United Kingdom of Great Britain and Northern Ireland
Practice Relating to Rule 125. Correspondence of Persons Deprived of Their Liberty
The UK Military Manual (1958) states:
Internees must be permitted to send and receive letters and postcards. If the Detaining Power deems it necessary to impose limitations, the number permitted must not be less than two letters and four cards monthly. Letters and cards must be conveyed with reasonable dispatch and must not be held up as a disciplinary measure. Internees who have been a long time without news or cannot obtain news from their relatives and those who are a long distance from their homes must be allowed to send telegrams at their own expense.
The manual further specifies:
Prisoners of war must be allowed to send and receive letters and cards. In addition to the capture card, they must be allowed to send at least two letters and four cards every month. Limitations on correspondence addressed to prisoners of war may be imposed only by the state on which they depend. The Detaining Power may request such a limitation. All correspondence must be conveyed as rapidly as possible, and must not be delayed or retained for disciplinary reasons. Prisoners of war who have not been in touch with their families for a long time or who are at a great distance from their homes must be allowed to send telegrams at their own expense. The same applies in case of emergency. As a general rule they must be permitted to correspond in their native language. Bags containing prisoner of war mail must be labelled as such, sealed and addressed to offices of destination.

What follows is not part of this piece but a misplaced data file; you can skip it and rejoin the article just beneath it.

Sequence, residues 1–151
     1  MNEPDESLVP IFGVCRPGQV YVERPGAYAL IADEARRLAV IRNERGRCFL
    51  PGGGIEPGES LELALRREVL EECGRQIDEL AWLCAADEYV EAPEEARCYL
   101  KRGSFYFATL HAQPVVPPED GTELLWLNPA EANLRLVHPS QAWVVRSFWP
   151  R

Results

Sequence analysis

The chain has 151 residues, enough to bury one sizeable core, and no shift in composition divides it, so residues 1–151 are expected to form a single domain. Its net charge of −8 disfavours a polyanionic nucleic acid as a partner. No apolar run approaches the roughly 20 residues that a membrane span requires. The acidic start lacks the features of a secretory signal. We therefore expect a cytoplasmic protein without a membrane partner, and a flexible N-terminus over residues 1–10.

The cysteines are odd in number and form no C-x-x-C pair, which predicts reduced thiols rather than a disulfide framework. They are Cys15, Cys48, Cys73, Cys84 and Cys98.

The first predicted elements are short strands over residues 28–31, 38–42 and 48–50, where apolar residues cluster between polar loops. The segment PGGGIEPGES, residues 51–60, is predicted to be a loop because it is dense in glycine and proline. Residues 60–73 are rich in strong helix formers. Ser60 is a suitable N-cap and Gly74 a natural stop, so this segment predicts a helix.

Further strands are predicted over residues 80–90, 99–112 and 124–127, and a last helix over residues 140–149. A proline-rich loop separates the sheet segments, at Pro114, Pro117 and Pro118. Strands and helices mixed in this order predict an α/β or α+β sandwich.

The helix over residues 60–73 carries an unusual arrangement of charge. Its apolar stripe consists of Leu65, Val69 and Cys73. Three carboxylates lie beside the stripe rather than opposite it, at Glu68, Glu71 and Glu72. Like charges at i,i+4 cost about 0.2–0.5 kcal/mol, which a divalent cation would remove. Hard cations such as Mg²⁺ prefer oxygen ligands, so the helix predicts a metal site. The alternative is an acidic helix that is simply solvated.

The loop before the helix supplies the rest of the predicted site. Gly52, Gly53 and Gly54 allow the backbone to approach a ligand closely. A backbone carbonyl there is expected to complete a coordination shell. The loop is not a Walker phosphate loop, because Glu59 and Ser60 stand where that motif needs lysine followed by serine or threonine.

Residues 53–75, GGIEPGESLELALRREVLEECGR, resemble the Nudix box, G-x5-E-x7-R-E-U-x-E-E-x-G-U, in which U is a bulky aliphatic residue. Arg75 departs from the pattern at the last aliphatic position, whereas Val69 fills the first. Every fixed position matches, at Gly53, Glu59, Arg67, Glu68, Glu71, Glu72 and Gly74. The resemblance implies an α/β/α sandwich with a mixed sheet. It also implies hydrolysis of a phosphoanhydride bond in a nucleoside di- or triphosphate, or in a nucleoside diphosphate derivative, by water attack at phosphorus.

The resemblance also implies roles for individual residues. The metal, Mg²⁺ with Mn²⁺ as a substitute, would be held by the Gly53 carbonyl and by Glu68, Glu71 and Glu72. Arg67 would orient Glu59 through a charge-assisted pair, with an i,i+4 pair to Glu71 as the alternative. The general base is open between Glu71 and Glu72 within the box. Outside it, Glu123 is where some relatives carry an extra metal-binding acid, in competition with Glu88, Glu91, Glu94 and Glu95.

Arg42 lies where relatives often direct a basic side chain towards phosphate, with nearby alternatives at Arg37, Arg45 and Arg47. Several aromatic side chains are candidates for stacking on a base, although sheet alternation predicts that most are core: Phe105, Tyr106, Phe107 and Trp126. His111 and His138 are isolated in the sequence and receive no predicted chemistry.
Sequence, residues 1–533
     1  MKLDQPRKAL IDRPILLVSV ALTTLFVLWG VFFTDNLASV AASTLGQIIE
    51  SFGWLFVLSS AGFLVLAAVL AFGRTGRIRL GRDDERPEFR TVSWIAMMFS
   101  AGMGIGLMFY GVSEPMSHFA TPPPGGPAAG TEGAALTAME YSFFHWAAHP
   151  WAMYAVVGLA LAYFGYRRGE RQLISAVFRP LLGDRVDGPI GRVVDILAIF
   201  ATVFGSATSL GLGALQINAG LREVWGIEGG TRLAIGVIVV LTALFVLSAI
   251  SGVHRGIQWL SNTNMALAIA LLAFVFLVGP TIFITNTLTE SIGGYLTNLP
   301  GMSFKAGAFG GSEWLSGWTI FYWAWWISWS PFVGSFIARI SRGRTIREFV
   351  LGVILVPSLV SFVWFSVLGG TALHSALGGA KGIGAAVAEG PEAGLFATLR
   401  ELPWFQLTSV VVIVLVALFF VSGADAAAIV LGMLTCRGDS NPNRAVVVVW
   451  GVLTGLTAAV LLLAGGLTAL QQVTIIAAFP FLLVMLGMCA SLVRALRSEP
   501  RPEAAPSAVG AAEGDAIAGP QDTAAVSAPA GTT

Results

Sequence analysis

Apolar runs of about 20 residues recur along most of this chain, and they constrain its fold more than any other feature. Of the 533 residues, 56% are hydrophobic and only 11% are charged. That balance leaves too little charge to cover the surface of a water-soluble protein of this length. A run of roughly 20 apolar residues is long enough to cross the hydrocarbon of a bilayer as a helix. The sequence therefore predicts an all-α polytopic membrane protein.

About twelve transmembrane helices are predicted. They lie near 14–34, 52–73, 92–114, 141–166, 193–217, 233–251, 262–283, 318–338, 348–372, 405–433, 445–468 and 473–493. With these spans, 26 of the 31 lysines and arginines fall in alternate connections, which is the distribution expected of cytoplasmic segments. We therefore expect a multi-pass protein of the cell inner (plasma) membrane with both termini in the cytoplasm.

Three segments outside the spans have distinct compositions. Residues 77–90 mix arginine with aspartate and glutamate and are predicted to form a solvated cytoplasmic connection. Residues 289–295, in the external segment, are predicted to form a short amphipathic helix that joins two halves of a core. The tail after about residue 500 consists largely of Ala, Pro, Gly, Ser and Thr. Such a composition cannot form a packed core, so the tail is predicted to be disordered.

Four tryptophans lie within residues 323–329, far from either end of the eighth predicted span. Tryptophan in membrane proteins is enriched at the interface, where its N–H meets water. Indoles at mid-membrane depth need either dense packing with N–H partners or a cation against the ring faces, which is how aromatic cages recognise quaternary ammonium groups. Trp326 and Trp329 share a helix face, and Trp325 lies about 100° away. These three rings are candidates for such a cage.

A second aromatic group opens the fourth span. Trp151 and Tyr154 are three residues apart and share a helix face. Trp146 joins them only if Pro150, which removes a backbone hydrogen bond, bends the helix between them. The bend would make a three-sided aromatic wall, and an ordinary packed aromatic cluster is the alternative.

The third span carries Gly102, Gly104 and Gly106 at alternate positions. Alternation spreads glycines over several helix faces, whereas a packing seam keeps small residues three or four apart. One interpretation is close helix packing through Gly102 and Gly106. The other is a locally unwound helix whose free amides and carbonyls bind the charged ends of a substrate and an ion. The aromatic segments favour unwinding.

In addition, the manual provides: “Prisoners undergoing disciplinary punishment must be allowed to read and write and to send and receive letters.”
The UK LOAC Pamphlet (1981) provides: “PW [prisoners of war] must be allowed to send a capture card to the Protecting Power and to their next of kin no later than the time of their arrival in a PW camp.”
The UK LOAC Manual (2004) states in its chapter on the protection of civilians in the hands of a party to the conflict, when discussing conditions of internment:
9.45. Immediately on internment, or within one week of arrival at an internment camp, each internee must be allowed to write one card to his family and another to the Central Information Agency informing them of his internment, address and state of health. This also applies in the event of sickness, admission to hospital or transfer to another camp. Internment cards must be forwarded as rapidly as possible.
9.61. Internees must be permitted to send letters and cards. If the detaining power deems it necessary to impose limitations, the number permitted must not be less than two letters and four cards each month. This is in addition to the internment card. Letters and cards must be conveyed with reasonable despatch and must not be held up as a disciplinary measure. Internees, in urgent cases, or who have been a long time without news or cannot obtain news from their relatives as well as those who are a long distance from their homes, must be allowed to send telegrams at their own expense. States are under a duty to reduce telegram charges as much as possible. Correspondence is normally to be in the internee’s native language unless the detaining power authorizes correspondence in another language.